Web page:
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The Topeka state journal. [volume] (Topeka, Kansas) 1892-1980, December 11, 1897, Image 1

Image and text provided by Kansas State Historical Society; Topeka, KS

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Arrangements Have All Been
Made For Building
New York City's Great Under
ground Tunnel.
Syndicate of Foreign and Amer
ican Bankers
Has Made All Contracts For
Carrying on the Work.
Deutsche Bank of Berlin and the
New York. Dec. 11. It was learned
last night that a big syndicate of New
York and foreign bankers had been
organized for the purpose of building
the underground tunnel and that it
had not only let ail of the contracts,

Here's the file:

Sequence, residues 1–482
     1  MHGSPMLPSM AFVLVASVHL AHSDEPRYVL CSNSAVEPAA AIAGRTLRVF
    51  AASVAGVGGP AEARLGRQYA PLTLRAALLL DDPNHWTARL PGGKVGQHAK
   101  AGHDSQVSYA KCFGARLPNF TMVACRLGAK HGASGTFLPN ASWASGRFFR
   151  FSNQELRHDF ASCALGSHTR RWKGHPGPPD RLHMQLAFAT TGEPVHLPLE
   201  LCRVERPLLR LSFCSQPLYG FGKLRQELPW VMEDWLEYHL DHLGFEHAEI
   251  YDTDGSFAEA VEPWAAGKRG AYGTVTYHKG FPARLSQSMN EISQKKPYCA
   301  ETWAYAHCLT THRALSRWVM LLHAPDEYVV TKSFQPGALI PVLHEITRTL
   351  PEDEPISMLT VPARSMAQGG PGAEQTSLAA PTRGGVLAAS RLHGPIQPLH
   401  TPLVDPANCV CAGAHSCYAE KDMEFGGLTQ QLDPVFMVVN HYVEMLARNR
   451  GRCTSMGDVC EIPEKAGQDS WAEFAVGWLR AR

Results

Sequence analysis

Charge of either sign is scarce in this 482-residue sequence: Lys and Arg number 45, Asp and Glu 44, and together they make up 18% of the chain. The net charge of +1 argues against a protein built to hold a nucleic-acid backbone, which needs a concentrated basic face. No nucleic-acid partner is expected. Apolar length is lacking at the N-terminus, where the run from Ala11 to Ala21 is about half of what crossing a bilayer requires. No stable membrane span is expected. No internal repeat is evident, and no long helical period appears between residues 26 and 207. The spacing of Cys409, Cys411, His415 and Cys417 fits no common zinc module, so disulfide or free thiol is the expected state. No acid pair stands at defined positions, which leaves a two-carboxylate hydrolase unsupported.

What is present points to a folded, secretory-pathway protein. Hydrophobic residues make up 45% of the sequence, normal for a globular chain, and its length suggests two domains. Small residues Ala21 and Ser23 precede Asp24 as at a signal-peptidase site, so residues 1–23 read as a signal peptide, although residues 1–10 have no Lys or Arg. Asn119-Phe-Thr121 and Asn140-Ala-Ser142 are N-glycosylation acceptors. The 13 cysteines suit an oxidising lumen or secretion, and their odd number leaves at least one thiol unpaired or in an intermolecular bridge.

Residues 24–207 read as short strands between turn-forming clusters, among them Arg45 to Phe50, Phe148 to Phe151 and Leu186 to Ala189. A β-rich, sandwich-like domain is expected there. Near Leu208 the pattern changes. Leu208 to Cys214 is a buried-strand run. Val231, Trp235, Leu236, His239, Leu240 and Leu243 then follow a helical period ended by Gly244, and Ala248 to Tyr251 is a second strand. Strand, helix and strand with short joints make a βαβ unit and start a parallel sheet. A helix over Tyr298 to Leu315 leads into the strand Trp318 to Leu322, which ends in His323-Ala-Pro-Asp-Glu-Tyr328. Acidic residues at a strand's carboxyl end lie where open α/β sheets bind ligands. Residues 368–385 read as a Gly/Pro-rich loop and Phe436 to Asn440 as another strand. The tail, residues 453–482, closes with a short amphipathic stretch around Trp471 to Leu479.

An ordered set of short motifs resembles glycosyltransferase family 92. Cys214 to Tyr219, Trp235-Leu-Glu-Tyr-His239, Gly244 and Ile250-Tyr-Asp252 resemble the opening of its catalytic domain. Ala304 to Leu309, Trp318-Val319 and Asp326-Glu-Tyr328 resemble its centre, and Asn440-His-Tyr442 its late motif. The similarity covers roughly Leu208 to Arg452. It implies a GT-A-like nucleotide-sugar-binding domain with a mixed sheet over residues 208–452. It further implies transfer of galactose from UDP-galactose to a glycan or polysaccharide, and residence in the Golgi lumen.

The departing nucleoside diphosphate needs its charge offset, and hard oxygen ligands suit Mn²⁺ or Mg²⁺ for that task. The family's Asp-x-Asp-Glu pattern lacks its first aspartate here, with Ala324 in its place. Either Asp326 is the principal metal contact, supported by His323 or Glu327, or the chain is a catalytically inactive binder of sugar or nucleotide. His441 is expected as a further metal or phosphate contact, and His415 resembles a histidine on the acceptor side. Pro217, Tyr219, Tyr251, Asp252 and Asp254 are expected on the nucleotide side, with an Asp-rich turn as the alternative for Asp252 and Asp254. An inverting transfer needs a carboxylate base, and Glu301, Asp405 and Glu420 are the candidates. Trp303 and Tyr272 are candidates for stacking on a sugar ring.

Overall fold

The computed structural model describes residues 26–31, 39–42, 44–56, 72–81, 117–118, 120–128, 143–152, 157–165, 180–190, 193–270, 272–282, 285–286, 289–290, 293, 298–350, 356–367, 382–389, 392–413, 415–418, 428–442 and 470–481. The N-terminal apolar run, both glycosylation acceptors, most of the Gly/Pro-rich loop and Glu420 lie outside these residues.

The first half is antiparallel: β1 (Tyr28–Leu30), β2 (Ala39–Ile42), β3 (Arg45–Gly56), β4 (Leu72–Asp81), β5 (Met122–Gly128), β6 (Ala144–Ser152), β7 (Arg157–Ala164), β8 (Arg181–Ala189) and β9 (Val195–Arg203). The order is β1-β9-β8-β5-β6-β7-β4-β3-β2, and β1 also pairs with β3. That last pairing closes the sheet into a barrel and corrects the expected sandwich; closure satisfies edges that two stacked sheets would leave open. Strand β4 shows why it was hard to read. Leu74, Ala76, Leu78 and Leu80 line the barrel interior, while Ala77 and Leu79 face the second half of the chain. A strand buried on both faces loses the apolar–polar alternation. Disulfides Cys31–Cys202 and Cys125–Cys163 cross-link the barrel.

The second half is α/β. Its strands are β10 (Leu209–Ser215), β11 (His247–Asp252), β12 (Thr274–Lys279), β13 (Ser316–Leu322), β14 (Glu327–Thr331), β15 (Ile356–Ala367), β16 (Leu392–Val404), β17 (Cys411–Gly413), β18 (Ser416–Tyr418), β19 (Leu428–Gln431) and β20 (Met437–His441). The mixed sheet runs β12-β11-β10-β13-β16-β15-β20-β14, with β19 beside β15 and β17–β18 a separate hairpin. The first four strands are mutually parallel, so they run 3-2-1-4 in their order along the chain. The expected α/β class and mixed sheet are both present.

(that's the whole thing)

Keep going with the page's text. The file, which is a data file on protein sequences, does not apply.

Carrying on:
but it had arranged with the Carnegie
company for the iron and steel, besides
completing all the other arrangements,
such as the deposit of J5.O0O.C0O in cash
to be ..made with the commissioners,
says the Herald today.
The syndicate was counting on a de
cision being handed down by the appel
late division of the supreme court ap
proving the plans adopted by the rapid
transit commissioners which is neces
sary in lieu of obtaining the consent of
a majority of the property owners
along the line. The appellate division,
however, did not hand uown a decision.
fo that the rapid transit commissioners
will not have an opportunity to award
the contract before the close of the
psesent administration.
Careful inquiry among the bankers
elicited the fact that the big syndicate
is headed by the Deutsche bank of Ber
lin and John A. Stewart, president of
the I'nited States Trust company, the
latter of whom, for the present prefers
not to make known the interests that
he represents. It is understood, how
ever, that among them are J. P. Mor